China Befriends Latin America

Published on Author martint16

The United States no longer has a strong hold in Latin America. American investors are seeing more promising deals at home or elsewhere, resulting in an outflow of cash from the region. China has entered as a competing business partner as a result. Chinese banks increased investments in Latin America by 71% last year, and the country plans to double its trade volume with the Central and South American region over the next decade, a CNN Money article explains. While America is still the number one trade partner with Latin America, China is already beating it in some places, such as in trade with Brazil, Argentina, Peru, and Venezuela.

The relationship is mutually beneficial. Latin America’s abundance of commodities, like oil and soybeans, supply’s China’s needs. At the same time, many Latin countries are in need of cash, which China willfully provides.

Venezuelan President Nicolas Maduro, left, shakes hands with China's President Xi Jinping.
Venezuelan President Nicolas Maduro, left, shakes hands with China’s President Xi Jinping.

However, Though, Chinese and Latin American economies are slowing down, according to the article. Demand for goods is declining in China, and Latin America’s export surplus from commodities is shrinking. Nonetheless, both parties are interested in a long-term relationship. China’s President Xi Jingping vowed to double trade between his country and Latin America over the next decade to $250 billion.


4 Responses to China Befriends Latin America

  1. As the Chinese economies and Latin American economies simultaneously slow, will the two parties look for trade relationships elsewhere? Will a long-term trade relationship between the two remain beneficial, or will more efficient economic outlets be pursued?

  2. We should be careful in reading too much into government pronouncements; Chinese iron producers would inevitably turn to Brazil due to standard market forces. More interesting would be the extent of trade other than commodities.

    As to foreign investment, China is the new kid in school. Even if they’re potential standouts in the long haul, on day one they aren’t going to be able to hang out with the “popular” kids. To rephrase, this is a case of diminishing returns: resource development in South America is not new, and non-Chinese firms are the players in the most profitable ones. It’s easy to enter on an upswing; you can get financing for the marginal project. My hunch is that China is now on the wrong side of the profitability margin for a host of projects, and that a year from now we’ll be reading about red ink and potential loan defaults.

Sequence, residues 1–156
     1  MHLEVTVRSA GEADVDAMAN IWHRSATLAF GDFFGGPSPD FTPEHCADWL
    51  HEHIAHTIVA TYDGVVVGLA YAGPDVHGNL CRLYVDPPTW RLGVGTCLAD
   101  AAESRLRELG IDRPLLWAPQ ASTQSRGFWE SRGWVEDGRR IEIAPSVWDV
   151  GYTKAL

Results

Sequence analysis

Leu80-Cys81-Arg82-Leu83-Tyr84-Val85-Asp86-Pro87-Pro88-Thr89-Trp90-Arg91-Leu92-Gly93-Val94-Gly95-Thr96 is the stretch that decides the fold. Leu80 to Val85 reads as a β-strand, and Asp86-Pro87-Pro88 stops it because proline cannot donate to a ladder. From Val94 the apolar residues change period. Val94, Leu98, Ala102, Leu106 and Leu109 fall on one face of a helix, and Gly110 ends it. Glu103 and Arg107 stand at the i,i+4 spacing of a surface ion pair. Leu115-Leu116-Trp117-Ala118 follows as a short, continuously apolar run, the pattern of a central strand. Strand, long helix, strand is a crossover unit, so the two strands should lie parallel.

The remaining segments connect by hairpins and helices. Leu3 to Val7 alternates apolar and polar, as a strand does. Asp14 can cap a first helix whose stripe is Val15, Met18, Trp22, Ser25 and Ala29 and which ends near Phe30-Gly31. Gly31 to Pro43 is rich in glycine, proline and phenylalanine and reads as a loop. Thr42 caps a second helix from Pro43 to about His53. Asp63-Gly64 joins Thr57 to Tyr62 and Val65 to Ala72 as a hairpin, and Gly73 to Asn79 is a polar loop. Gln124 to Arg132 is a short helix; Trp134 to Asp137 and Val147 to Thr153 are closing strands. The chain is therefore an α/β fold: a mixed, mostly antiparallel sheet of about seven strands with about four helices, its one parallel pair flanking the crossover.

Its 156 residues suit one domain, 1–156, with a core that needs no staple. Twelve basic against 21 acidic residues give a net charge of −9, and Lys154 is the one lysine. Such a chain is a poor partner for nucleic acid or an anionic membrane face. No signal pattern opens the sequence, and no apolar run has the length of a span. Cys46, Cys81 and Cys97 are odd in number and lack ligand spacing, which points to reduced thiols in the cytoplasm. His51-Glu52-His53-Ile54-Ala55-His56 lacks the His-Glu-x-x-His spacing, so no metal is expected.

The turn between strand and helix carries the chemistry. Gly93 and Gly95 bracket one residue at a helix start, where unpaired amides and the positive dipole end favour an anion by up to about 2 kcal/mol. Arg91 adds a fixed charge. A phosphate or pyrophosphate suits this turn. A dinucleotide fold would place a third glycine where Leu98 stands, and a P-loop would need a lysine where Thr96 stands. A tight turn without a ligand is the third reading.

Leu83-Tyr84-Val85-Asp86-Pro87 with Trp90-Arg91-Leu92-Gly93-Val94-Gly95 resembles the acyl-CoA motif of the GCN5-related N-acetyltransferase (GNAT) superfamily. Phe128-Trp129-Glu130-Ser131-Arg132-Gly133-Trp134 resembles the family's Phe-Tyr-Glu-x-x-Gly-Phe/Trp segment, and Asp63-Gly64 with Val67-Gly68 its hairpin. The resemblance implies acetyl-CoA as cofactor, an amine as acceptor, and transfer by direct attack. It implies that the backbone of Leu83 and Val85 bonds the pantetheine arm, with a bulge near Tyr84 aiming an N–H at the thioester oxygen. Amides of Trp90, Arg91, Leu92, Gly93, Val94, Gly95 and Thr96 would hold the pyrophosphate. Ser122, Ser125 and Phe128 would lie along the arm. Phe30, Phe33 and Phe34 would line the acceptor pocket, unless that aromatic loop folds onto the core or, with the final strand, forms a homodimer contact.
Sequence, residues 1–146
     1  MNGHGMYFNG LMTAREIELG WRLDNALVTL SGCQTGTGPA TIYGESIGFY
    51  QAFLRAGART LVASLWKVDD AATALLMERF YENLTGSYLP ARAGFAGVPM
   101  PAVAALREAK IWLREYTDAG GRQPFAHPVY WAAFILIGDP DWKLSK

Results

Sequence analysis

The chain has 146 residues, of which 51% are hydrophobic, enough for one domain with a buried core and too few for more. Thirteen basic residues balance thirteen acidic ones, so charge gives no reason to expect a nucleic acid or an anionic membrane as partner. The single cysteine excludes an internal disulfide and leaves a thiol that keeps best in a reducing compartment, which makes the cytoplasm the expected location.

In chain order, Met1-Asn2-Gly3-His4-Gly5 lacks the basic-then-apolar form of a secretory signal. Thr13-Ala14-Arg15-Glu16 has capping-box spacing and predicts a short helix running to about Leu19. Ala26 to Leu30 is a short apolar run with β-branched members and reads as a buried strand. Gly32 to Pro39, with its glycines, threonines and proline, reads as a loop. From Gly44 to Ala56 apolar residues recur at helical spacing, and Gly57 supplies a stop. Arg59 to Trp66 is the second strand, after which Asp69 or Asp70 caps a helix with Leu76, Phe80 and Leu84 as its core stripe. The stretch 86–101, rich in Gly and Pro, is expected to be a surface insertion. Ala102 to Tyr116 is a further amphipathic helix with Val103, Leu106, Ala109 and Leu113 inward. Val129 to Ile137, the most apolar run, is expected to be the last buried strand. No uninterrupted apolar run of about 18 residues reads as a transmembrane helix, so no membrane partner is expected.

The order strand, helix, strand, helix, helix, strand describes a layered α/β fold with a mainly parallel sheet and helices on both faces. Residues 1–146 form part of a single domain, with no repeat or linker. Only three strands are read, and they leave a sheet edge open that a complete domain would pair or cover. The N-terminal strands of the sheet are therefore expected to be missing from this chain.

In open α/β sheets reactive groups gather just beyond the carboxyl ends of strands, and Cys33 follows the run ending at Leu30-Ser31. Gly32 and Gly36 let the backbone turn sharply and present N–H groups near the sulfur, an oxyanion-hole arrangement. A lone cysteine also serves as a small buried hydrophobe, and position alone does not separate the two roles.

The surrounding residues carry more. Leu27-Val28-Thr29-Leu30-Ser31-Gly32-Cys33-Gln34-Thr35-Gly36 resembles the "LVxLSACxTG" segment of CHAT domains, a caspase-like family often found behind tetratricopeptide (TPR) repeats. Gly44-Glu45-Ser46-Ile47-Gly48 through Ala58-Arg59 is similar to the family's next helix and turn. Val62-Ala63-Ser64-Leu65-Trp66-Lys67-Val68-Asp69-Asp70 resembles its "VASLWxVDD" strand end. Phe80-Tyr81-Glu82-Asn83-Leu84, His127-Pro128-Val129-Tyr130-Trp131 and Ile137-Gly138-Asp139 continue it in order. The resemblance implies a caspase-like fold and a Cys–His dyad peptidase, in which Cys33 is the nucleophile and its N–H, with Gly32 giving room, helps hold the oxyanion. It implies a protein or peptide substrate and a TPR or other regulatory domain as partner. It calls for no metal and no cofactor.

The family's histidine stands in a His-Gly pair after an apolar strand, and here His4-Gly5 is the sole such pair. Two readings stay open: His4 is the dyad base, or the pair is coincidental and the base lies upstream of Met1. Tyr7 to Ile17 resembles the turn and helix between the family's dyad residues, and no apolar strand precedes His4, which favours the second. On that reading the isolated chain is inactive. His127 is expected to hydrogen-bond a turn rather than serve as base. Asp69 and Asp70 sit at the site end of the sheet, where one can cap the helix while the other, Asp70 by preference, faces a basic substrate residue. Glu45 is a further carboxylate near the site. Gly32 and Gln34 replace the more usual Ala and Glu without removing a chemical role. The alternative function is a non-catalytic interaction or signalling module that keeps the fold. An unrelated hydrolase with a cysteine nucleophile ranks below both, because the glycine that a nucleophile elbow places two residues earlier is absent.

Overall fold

3. From what I have read, China has an interesting foreign policy when it comes to investing in other countries. They aim for the countries that the rest of the world has turned their back to such as Russia and Venezuela. They use foreign investment to create diplomatic relations rather than simply making money off these nations. There investments in Russia and Venezuela have not produced the returns they probably hoped for since these two nations have landed in some serious economic times. That being said, I think it is important for China to maintain healthy relations with Latin American nations.

  4. I can only speak for the case of Argentina, but I wouldn’t say that China “befriended” my country. Yes, Argentina greatly benefits from its economic relationship with China, but the costs of maintaining such relationship are immense and usually, their repercussions are off the radar. In an older post, I commented on the nature of such relationship, which is branded by Argentina’s absolute dependence of China. For example, some of the demanded conditions for the Asian country to import the Argentine soil that keeps agriculture alive, we had to sign outrageous contracts that significantly harm the local railroad industry.